Voodoo: Facts About Misunderstood Religion

voodoo doll
A voodoo doll is a sensational caricature of voudon. (Image credit: Voodoo doll image via Shutterstock)

Voodoo is a sensationalized pop-culture caricature of voudon, an Afro-Caribbean religion that originated in Haiti, though followers can be found in Jamaica, the Dominican Republic, Brazil, the United States and elsewhere. It has very little to do with so-called voodoo dolls or zombies.

Voudon refers to "a whole assortment of cultural elements: personal creeds and practices, including an elaborate system of folk medical practices; a system of ethics transmitted across generations [including] proverbs, stories, songs, and folklore... voudon is more than belief; it is a way of life," wrote Leslie Desmangles, a Haitian professor at Hartford's Trinity College in "The Encyclopedia of the Paranormal" (Prometheus Books, 1996).

Voudon teaches belief in a supreme being called Bondye, an unknowable and uninvolved creator god. Voudon believers worship many spirits (called loa), each one of whom is responsible for a specific domain or part of life. So, for example, if you are a farmer you might give praise and offerings to the spirit of agriculture; if you are suffering from unrequited love, you would praise or leave offerings for Erzulie Freda, the spirit of love, and so on. In addition to helping (or impeding) human affairs, loa can also manifest themselves by possessing the bodies of their worshipers.

Followers of voudon also believe in a universal energy and a soul that can leave the body during dreams and spirit possession. In Christian theology, spiritual possession is usually considered to be an act of evil, either Satan or some demonic entity trying to enter an unwilling human vessel. In voudon, however, possession by loa is desired. In a ceremony guided by a priest or priestess, this possession is considered a valuable, first-hand spiritual experience and connection with the spirit world.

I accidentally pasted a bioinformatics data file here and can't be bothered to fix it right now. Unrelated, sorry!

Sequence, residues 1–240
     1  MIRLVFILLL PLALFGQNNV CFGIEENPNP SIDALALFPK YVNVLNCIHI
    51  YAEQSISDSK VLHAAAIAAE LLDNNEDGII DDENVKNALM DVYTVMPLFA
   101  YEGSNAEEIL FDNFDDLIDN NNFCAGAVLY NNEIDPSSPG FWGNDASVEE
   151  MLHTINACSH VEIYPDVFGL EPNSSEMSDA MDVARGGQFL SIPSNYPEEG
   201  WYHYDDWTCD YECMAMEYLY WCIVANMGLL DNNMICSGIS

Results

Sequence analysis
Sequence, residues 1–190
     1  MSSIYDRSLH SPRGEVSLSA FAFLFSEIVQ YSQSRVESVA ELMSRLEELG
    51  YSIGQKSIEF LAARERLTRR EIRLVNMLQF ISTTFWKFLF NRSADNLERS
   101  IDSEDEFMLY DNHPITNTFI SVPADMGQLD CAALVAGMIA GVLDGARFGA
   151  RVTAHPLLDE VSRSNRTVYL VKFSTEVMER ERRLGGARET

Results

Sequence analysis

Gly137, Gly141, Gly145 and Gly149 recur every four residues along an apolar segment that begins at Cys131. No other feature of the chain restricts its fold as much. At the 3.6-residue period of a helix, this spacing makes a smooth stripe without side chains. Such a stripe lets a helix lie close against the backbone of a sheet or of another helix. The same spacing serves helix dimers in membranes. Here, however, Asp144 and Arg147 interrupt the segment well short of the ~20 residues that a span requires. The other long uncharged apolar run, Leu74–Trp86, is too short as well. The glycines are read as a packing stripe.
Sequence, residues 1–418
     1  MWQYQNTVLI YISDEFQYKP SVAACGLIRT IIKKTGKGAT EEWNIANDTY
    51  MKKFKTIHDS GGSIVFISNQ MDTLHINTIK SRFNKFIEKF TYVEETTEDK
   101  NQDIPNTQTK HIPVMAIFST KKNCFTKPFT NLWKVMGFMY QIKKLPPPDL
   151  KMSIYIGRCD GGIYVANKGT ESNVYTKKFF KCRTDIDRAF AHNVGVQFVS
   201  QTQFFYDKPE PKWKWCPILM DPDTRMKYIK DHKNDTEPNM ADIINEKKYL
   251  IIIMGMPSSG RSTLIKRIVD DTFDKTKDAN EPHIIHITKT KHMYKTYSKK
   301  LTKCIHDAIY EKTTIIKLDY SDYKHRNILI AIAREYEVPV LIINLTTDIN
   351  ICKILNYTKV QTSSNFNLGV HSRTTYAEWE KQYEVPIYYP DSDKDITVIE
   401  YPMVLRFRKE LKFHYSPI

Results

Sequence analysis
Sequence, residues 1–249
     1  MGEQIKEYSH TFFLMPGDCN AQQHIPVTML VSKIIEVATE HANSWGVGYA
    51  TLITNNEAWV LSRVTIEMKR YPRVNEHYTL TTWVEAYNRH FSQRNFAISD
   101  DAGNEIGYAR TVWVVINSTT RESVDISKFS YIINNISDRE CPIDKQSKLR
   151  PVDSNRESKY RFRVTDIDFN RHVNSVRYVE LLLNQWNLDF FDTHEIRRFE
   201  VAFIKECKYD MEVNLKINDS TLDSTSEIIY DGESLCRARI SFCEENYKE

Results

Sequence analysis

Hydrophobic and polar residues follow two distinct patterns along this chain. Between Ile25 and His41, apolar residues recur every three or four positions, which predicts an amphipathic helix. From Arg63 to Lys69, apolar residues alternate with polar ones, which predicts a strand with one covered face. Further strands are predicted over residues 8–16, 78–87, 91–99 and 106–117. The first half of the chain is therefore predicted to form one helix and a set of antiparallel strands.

History of voudon

Voudon originated with slaves who combined elements of their West African traditions and beliefs with the Roman Catholicism imposed upon them by their masters in a process called syncretism. A 1685 law forbade the practice of African religions and required all masters to Christianize their slaves within eight days of their arrival. Slavery was condoned by the Catholic Church as a tool for converting Africans to morally upright Christians. Slaves forced to adopt Catholic rituals thus gave them double meanings, and in the process many of their spirits became associated with Christian saints.

Furthermore, Desmangles notes, "Many of the African spirits were adapted to their new milieu in the New World. Ogun, for instance, the Nigerian spirit of ironsmiths, hunting and warfare took on a new persona... He became Ogou, the military leader who has led phalanxes into battle against oppression. In Haiti today, Ogou inspires many political revolutions that oust undesirable oppressive regimes."

Though Haitian slavery ended in the early 1800s, followers of voudon were often persecuted by authorities who demonized their religion. An 1889 book titled "Hayti, or the Black Republic" (Filiquarian, 2012) falsely attributed human sacrifices, cannibalism and other atrocities to voudon, further spreading fear of the religion. Many fundamentalist Christians still regard voudon and voodoo with suspicion, associating it with the occult, black magic and Satanism. Even today "voodoo" is often used as an adjective to describe something that is unknowable, mysterious or simply unworkable (for example, in 1980 George H.W. Bush famously disparaged Ronald Reagan's monetary policies as "voodoo economics").